Supporting Cognitive Function And Mood With Essential Oils

Posted on Monday 27 December 2010

The essential oils commonly used in aromatherapy actually have a significant base of data supporting their use in many medical applications. They have proven antibacterial, antiviral, even anticancer effects. Recent research is building on their ability to improve cognitive function as well. While not directly the aim of these studies, it seems some oils have been shown to be able to improve mood as well in “controlled” research. So how can you take this data out of the lab and into your life? It’s pretty easy really — here’s a look at the research, and some ideas on taking it home with you.

One can imagine it would be a more stimulating essential oil that might enhance mental acuity. Sort of like a cup of coffee in an aroma. Deeply inhale a brighter, not-too-sweet scent and it sort of lights up your brain. Well, it turns out this isn’t just a reaction to the scent alone, but something more is going on.

In the October 11th, 2010 online version of the Journal of Psychopharmacology, a study was published evaluating the use of sage essential oil for cognitive and mood enhancement. Using rigorous control methods, researchers set out to test if a single dose of the essential oil would produce statistically significant changes in their subjects performance of tasks involving mental acuity. The researchers begin their abstract by noting that essential oil of sage has “previously been shown to…improve cognitive function”, this being the impetus for further investigation.

The study’s results are really impressive. It was found that just 50 microliters (one drop) of sage oil, ingested, produced improvements in cognitive function, mood and mental energy. According to the researchers: “Oral consumption lead to improved performance of secondary memory and attention tasks…and reduced mental fatigue and increased alertness”. And: “These results extend previous observations of improved cognitive performance and mood following (use of) sage extracts”.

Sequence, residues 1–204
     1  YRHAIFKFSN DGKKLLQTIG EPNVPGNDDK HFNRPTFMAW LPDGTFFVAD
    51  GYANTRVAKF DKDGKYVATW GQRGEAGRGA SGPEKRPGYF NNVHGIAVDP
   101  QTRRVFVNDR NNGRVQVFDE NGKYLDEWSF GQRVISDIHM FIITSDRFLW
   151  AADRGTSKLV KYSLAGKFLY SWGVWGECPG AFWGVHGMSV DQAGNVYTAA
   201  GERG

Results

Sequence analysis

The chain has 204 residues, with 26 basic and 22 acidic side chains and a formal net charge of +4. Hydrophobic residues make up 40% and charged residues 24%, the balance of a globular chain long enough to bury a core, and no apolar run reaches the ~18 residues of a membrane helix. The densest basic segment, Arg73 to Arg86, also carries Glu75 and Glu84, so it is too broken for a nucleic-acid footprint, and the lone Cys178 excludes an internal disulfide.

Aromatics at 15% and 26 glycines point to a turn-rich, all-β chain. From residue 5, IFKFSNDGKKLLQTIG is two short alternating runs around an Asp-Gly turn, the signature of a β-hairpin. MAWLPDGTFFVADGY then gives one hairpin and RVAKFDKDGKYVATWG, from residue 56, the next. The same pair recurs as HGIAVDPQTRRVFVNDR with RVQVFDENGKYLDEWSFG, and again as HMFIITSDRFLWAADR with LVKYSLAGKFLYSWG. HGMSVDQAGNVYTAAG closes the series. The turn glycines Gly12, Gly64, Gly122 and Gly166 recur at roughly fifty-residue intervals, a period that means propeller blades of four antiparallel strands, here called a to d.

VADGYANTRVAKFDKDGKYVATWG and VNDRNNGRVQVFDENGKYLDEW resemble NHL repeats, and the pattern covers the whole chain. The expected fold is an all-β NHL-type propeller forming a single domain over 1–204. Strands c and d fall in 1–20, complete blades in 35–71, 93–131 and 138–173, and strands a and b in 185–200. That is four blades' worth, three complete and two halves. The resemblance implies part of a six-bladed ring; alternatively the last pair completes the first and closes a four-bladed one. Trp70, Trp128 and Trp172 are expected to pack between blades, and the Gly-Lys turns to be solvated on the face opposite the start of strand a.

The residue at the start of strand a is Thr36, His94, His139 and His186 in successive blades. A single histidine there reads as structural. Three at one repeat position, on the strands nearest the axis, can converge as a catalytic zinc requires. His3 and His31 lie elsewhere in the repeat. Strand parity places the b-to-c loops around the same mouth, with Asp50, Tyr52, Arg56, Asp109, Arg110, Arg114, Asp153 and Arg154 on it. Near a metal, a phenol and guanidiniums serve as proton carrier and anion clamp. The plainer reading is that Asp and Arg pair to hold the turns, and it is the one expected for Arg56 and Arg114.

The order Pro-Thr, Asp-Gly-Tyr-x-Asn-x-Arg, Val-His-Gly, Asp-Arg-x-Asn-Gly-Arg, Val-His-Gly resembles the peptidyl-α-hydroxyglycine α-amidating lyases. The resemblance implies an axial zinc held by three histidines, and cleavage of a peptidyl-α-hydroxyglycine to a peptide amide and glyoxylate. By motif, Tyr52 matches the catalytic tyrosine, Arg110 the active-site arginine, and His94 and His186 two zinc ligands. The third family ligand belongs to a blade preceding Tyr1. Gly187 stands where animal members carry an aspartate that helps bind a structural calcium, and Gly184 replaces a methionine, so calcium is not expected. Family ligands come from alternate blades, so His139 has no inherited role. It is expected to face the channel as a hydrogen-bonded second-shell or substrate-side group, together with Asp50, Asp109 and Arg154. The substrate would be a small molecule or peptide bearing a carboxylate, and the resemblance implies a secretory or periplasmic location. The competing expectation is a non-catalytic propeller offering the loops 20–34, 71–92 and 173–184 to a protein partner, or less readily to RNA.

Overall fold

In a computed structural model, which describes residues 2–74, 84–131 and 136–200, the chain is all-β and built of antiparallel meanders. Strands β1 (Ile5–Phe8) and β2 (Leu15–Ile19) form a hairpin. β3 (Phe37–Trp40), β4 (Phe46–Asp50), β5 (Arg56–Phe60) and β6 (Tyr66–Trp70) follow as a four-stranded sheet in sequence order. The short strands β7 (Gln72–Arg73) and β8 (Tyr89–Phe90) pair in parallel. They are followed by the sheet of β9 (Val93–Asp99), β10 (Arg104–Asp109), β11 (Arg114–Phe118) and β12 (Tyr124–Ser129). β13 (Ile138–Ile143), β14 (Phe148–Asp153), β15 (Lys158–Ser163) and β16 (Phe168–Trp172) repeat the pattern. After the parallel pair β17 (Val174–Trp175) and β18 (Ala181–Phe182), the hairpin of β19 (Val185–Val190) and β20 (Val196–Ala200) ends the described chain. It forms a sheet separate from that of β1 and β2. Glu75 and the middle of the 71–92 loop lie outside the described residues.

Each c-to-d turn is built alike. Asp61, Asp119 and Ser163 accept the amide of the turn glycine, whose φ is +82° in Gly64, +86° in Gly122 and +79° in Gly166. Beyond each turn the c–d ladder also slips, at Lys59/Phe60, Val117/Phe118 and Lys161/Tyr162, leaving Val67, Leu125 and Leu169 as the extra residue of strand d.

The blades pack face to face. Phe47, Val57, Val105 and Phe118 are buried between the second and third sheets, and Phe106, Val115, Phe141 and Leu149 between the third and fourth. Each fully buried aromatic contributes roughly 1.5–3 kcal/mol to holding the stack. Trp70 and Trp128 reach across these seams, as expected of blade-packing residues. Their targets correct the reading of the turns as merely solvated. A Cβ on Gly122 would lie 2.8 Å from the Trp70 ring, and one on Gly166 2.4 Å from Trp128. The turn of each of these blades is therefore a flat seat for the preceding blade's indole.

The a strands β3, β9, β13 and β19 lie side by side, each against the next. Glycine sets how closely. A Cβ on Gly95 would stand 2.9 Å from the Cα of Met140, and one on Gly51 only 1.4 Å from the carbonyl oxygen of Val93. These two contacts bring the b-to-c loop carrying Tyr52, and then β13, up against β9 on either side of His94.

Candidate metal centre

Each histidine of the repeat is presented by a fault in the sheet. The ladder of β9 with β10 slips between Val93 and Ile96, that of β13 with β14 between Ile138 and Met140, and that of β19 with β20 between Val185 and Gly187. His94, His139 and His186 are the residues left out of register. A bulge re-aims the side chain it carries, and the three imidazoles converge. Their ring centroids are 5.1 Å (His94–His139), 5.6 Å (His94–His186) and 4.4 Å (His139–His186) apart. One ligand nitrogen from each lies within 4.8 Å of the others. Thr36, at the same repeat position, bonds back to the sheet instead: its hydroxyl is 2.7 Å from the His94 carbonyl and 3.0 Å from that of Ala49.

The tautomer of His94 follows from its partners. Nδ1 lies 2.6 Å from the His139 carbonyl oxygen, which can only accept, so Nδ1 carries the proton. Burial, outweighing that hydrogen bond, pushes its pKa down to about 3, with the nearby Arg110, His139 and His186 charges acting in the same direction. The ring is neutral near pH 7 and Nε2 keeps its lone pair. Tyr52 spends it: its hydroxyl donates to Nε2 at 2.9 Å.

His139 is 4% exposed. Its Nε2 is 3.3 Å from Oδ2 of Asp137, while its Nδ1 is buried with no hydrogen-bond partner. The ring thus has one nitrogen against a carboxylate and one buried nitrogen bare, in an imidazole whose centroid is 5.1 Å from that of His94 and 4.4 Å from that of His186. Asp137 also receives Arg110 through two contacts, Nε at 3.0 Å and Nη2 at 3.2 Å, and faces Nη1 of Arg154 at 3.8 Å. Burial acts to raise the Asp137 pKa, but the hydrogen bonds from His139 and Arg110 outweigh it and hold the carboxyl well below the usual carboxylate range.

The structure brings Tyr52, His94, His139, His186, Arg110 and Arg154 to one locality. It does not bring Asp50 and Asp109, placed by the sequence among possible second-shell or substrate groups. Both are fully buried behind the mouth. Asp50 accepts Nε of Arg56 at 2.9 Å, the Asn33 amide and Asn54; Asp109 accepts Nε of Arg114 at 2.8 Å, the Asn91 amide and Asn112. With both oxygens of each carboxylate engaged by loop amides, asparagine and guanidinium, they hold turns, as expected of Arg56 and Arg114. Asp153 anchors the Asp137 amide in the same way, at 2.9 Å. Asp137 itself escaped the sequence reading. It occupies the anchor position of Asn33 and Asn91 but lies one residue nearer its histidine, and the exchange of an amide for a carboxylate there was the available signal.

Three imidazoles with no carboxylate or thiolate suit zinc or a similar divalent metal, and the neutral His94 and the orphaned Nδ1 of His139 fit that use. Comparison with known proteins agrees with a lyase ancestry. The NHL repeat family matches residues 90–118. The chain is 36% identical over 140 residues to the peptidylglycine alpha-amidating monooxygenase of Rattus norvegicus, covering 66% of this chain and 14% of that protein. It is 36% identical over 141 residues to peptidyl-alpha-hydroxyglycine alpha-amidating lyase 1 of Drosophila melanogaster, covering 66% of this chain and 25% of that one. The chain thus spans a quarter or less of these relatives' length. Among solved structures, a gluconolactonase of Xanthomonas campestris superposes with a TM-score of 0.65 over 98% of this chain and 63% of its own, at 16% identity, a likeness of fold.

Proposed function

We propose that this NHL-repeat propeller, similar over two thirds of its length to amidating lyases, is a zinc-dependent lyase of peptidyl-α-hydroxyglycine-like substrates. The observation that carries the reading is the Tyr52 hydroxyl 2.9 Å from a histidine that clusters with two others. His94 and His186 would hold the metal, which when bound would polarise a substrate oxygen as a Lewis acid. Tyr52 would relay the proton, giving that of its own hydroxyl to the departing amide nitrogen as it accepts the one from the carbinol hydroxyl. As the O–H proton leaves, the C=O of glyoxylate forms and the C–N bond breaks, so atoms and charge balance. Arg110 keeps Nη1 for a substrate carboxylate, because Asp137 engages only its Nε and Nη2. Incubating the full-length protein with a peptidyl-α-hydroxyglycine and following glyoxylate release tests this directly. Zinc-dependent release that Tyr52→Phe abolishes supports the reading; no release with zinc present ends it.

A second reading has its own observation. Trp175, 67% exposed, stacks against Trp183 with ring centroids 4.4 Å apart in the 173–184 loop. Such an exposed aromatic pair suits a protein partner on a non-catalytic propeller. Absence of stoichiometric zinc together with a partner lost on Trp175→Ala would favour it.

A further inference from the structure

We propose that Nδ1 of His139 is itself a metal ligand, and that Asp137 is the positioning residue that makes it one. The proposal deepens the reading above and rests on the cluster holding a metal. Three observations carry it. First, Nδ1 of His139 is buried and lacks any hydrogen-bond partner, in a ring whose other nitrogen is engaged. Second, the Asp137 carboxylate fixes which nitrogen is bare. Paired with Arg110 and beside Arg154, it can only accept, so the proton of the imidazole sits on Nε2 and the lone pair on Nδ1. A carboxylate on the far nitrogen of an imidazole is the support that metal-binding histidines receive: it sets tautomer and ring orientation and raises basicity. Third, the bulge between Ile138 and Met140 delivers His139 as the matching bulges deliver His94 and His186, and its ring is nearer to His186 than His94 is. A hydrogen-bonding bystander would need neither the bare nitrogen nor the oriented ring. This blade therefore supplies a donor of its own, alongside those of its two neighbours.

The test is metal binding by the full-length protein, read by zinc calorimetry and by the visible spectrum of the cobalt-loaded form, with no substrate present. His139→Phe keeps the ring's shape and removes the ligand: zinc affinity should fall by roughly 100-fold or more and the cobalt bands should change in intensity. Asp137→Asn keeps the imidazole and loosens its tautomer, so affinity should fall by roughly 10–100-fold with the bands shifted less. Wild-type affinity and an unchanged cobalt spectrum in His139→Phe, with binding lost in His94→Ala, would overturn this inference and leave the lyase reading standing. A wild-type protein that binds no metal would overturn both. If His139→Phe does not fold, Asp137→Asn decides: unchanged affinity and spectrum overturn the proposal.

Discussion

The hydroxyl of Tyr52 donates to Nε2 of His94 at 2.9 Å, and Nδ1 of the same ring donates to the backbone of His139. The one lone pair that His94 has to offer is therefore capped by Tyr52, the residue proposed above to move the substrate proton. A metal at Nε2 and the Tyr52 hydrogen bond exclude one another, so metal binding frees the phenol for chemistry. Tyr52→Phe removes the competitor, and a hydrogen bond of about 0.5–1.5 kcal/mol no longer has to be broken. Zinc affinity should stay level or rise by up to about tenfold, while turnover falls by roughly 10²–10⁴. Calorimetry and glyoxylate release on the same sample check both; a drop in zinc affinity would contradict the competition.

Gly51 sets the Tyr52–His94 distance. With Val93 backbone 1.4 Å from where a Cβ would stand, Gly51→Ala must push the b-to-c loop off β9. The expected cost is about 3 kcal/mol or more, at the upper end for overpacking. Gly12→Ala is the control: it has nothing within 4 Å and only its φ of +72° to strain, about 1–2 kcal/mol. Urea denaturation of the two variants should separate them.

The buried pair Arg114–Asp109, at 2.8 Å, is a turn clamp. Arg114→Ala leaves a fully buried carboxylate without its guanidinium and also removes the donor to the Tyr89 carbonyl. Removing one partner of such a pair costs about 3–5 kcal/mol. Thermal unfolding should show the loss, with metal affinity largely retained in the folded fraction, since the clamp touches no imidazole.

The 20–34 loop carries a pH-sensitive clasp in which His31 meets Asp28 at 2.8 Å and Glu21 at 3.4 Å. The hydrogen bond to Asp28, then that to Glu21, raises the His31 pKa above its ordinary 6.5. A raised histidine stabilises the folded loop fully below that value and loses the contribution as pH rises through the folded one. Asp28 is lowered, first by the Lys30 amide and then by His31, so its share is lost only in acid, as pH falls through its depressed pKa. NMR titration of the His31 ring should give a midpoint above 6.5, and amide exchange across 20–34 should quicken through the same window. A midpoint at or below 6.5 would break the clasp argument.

The real biochemical mechanisms for the positive effects on mood and cognitive function have not been made clear as of yet. A number of studies have found that many essential oils (including sage) inhibit a specific enzyme in the human body, which has the result of increasing the amount of acetylcholine in the brain. In natural medicine, there are herbs taken for this same purpose, for the result of improving mental acuity. It may be too that increased levels of this important neurotransmitter result in less fatigue, which naturally improves mood — but this is just a guess.

Also of interest is that it seems to be an entire class of chemicals, called “monoterpenes” that have this action. They contribute to bright, high notes in aromas. They’re found in citrus oils as well, particularly in lemon essential oil. And lemon has been the subject of similar research (as that done with sage), with similar results. And as the sage study noted, these natural chemicals that act as aromatic stimulants when inhaled act as mental stimulants when ingested as well. (It’s unclear whether peppermint, for example, enhances cognitive function through ingestion, though it has been shown to do this through inhalation).

Using these essential oils for enhancing mental acuity is one of the more simple aromatherapy procedures. Inhaling using any diffuser will do — it’s likely that if you find one of these bright aromatics you enjoy the smell of, and an inhale it to the point of enjoyment (not too much, not too little) you’ll reproduce these effects. As the study on sage noted that the ingestion of one drop was well-tolerated, you might also experiment with a low dose like this. Note that sage does contain a type of “ketone” molecule that’s recommended to be used with caution by some therapists, and not by pregnant or nursing mothers, or young children. However, there are many, many oils with similar character to choose from. Find one or more you like the aroma of (you’ll use it more) and enjoy!

The author has made available reports on specific anti-microbials such as eucalyptus essential oil, and using essential oils.

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